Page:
When raising or lowering the condenser to focus the leaves of the field diaphragm, the focused image of the diaphragm may have a red or blue halo surrounding the leaves. This is due to a lack of correction for chromatic aberration in the condenser. A condenser having good correction will yield a very sharp outline of the diaphragm with little or no color. The field diaphragm is now opened until about three-quarters of the viewfield is visible and the condenser is then refocused (Figure 6(c)). Check alignment of the condenser and re-adjust if necessary. Now open the field diaphragm until it is just beyond the field of view (for observation), or in the case of photomicrography, just beyond the reticle markings that define the area captured on film. Opening the field diaphragm any farther is unnecessary and will cause excessive glare and a loss of contrast.
The next step is to remove one of the eyepieces and peer down the tube of the microscope as shown in Figure 7(a). As you view down the tube, open and close the condenser aperture diaphragm to see its image at the back focal plane of the objective. If there is a frosted diffuser filter built into the light path in the base of the microscope, an evenly lighted circle of light will be visible. If there is no such filter in the light path, you will instead see an image of the lamp filament as, illustrated in Figure 7(b) (a centering or phase telescope inserted in place of the removed eyepiece, or a Bertrand lens will make this adjustment easier to see).
The purpose of this maneuver is to set the size of the aperture diaphragm to maximize image contrast and to obtain the best possible image of the specimen without introducing a loss of resolution due to refraction and diffraction artifacts. A general rule of thumb is to set the aperture diaphragm between 60 and 90 percent of the size of the entire light disc seen in the eyepiece tube.
In some instances the edge of the partially closed aperture diaphragm is not concentric with the illuminated back focal plane of the objective. This is due either to a misalignment of the substage condenser or the objective, and the manufacturer's instruction manual should be consulted for the correct centering regime. Some microscopes are shipped with the aperture diaphragm in a fixed and centered position that is impossible to change in the laboratory. Darkfield and phase contrast condensers usually always will provide a centering mechanism due to the crucial aspect of this step in setting up microscopes for these illumination methods. The condenser aperture should be centered with a 40x or 60x objective to avoid having to re-center the diaphragm with each objective (lower power objectives will almost always fall within acceptable margins using this method).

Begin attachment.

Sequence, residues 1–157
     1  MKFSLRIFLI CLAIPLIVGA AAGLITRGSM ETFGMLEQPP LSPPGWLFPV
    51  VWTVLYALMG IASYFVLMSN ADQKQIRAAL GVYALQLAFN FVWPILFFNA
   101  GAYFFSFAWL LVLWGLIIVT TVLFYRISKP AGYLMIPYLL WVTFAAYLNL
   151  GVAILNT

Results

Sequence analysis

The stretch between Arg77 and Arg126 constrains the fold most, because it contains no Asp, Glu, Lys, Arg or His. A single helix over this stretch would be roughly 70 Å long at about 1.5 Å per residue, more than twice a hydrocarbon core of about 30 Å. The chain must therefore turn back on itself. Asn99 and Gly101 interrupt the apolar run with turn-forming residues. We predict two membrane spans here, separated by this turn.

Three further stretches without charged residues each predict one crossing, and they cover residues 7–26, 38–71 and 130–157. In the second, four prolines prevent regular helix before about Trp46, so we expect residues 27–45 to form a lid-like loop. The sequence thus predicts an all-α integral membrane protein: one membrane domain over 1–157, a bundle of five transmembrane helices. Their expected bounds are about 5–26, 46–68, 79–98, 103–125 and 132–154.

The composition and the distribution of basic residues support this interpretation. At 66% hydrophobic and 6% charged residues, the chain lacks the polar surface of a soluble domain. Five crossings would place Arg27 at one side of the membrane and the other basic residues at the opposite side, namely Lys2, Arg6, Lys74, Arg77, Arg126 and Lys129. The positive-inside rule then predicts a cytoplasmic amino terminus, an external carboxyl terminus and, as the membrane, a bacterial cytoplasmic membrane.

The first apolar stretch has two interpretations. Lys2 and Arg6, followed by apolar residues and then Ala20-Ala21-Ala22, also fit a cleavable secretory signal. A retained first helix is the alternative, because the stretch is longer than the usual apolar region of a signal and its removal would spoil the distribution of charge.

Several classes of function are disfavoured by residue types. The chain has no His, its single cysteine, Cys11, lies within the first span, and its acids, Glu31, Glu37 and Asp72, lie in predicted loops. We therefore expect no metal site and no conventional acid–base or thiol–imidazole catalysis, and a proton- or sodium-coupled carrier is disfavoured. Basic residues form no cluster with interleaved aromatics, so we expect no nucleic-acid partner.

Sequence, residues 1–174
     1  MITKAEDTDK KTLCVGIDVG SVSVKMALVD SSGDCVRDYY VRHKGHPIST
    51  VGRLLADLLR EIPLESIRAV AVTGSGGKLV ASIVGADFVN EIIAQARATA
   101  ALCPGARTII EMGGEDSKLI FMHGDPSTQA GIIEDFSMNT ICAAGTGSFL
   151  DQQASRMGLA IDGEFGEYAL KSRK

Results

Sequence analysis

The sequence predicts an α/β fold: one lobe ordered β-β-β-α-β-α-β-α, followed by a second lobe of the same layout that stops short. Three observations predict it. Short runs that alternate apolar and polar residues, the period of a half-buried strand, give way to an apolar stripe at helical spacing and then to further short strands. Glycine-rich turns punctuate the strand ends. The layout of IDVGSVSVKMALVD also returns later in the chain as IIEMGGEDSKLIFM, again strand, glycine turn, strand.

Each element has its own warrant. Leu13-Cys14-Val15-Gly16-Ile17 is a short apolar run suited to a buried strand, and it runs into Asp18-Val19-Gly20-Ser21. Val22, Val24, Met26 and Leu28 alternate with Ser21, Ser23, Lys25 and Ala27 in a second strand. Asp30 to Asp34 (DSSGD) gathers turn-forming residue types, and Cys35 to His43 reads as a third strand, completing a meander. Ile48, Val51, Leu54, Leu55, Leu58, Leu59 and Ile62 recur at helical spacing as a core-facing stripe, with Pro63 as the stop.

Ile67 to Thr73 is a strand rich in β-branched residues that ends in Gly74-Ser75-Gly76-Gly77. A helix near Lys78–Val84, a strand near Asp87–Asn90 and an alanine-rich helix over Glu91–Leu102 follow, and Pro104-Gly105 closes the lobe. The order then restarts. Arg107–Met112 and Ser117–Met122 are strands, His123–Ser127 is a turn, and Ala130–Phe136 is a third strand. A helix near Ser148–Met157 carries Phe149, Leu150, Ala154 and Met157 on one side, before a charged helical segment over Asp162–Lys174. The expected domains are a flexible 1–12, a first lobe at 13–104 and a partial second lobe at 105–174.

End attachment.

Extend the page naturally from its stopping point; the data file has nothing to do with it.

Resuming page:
Now that Köhler illumination has been established with the 10x objective, it must be borne in mind that changing to a higher power objective will require a re-alignment of both the field and aperture diaphragms. For example, if you switch to the 40x objective, you will have to close the field diaphragm somewhat and re-center it (looking at a smaller area of the specimen). Also, the condenser aperture diaphragm should be opened slightly (the 40x objective has a higher numerical aperture than does the 10x objective). Each time an objective is changed, both diaphragms must be adjusted according to the steps outlined above.
The conditions of Köhler illumination do not apply at magnifications using lower power objectives (5x and below). When preparing for low magnification microscopy, first align the microscope and adjust the optical pathway for proper Köhler illumination using the 10x objective. Most modern microscope condensers have a top lens that swings out of the light path for use with objectives of 5x magnification and below, as illustrated in Figure 8. Other condenser models have top lenses that can be unscrewed or have a rotating turret of condenser lenses for use with both low and high magnification objectives.
When the swing-out lens is removed from the optical pathway, condenser performance is radically changed and the aperture diaphragm no longer functions to control the numerical aperture of illuminating light rays. To avoid vignetting, the condenser aperture diaphragm should be opened to its widest setting, and specimen contrast is controlled with the field diaphragm, which now controls the numerical aperture of the illuminating light rays.
By properly adjusting the microscope for Köhler illumination, the specimen will be well-illuminated with even, glare-free light, giving good image resolution and contrast. For further information, consult our section on the theory of Köhler illumination and/or the basics of microscope illumination. Reference material concerning microscope illumination can also be found in our bibliography and in the section on web resources, which contains links to other microscopy web sites.
Mortimer Abramowitz - Olympus America, Inc., Two Corporate Center Drive., Melville, New York, 11747.
Michael W. Davidson - National High Magnetic Field Laboratory, 1800 East Paul Dirac Dr., The Florida State University, Tallahassee, Florida, 32310.